She’s open to interpretation | PostIndependent.com

She’s open to interpretation

John Gardner
jgardner@postindependent.com
Glenwood Springs, CO Colorado
John Gardner/Post IndependentMaria Deleo, a court interpreter in the 9th and 14th judicial districts, and her staff of five cover eight courthouses from Aspen to Rangely to Steamboat.
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GLENWOOD SPRINGS, Colorado – Misnomer: “A wrong or inaccurate name or designation.”

Misnomer was one of Maria Deleo’s words-of-the-day on Tuesday. She studies the meanings of three words, each day, and how each could be used in different contexts.

“One word can come up four or five different ways depending on the context,” Deleo said.

It’s part of her job as the regional managing court interpreter for Colorado’s 9th and 14th judicial districts. But calling her work a “job” is a misnomer because it’s more than that, it’s a career and a passion.

“I love it,” she said about the work. “Once you get into it, it’s a career that you have to love to learn because that is all you do.”

Learning to interpret one language to another, expanding two languages so she can be more fluent in both is a large part of what she does. But thinking that a court interpreter’s work is all about listening and repeating words, is another misnomer.

An interpreter’s job requires them to be skilled in three distinct aspects of interpretation: simultaneous, consecutive and sight.

“They are very different,” Deleo said.

Simultaneous interpretation requires the interpreter to listen to a person speaking one language and relay the message in another language at the same time. And in the context of people’s freedom, there is no room for error.

Throw in a dictionary of legal jargon that most of her clients don’t understand and the task becomes a lot more difficult than expected.

Deleo said that when interpreting a conversation it’s important for the interpreter to convey the message exactly as it was spoken by the judge, lawyer or client. But she has to also be aware of facial expressions that indicate if a client who speaks Spanish is confused by what was said.

And Deleo and her team of interpreters have done an excellent job.

“My 11 years here, I have never had any complaint from anyone who needed an interpreter,” said James Bradford, clerk of the combined courts for Garfield County . “I’ve never had a complaint that they were treated with anything but respect and professionalism.”

Deleo has worked as a court interpreter in the 9th and 14th judicial districts since 1999. Currently, she covers eight courthouses in the two districts from Aspen and Glenwood Springs, to Rangely and over to Steamboat. And she does it with a total of six interpreters including herself. Deleo is the only full-time state employee. The others are freelancers, some are full time and some are part time, and some even have other jobs.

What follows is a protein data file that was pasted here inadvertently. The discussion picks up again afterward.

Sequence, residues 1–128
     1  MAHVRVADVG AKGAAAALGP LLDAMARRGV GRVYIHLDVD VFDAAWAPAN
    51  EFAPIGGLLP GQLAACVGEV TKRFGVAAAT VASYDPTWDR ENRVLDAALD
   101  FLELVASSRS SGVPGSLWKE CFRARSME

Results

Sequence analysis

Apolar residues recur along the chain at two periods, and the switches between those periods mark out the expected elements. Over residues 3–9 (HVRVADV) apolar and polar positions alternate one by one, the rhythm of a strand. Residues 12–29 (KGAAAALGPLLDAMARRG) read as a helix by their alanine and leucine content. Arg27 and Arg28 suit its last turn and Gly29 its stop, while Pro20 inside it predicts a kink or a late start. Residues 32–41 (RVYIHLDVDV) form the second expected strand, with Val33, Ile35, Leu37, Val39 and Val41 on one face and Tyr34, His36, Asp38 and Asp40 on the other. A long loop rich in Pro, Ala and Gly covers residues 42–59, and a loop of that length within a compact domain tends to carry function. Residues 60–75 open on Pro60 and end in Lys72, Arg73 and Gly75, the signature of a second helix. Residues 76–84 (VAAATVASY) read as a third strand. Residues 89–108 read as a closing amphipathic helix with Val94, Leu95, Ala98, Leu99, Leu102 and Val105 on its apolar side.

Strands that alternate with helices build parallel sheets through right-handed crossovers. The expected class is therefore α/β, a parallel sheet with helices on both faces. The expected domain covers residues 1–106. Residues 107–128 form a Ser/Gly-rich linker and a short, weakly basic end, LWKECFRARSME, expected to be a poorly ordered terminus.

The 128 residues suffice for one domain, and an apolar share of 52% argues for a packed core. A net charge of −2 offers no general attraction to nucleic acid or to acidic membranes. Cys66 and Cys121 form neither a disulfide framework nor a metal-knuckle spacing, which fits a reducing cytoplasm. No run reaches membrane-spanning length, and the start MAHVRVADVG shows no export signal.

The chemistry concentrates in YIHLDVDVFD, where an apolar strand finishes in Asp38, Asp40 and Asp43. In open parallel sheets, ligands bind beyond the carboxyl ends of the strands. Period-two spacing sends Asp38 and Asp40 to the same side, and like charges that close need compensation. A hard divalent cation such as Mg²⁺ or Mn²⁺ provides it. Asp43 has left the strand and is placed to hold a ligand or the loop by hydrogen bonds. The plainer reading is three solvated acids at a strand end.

“Right now, due to budget constraints, I try to cover as much as possible,” Deleo said.

But with five locations the interpreters are spread very thin.

Mondays are the busiest day with four or five courthouses from Aspen to Glenwood to Meeker going at the same time. On Tuesdays there are at least two courthouses in session. On Wednesdays both Rifle and Glenwood municipal courts are in session with “big dockets,” she said, as well as Garfield County Court. Thursdays are at the Garfield County Courthouse but there are several courts going in the 9th Judicial District. Fridays she finds herself in places like Meeker and Steamboat Springs if she’s needed.

Often times she can handle some of the further courts by phone. However, it’s not uncommon for Deleo to start her day in Aspen, travel to Meeker to finish the morning and return to Glenwood for the afternoon. And it’s not unusual for her to interpret between 20 and 25 cases a day.

“We still have our slow days, with one or two cases,” she said. “But usually we are pretty busy.”

With eight courthouses and a large Hispanic population in the two districts, Deleo and her team are in high demand on the Western Slope.

“We do compete with some of the busier district’s numbers on the front range,” she said.

One reason for the low number of freelance interpreters is the very demanding test they must pass in order to become certified. Just to pass the test often proves to be more than most can handle.

“You really have to want to do it to stick with it,” she said.

Even Deleo says that she didn’t get into the profession seeking a career.

“Very few start out choosing this as a career,” Deleo said. “You start out thinking it’s more like a job.”

But her passion soon caught up with her.

Contact John Gardner: 384-9114

jgardner@postindependent.com


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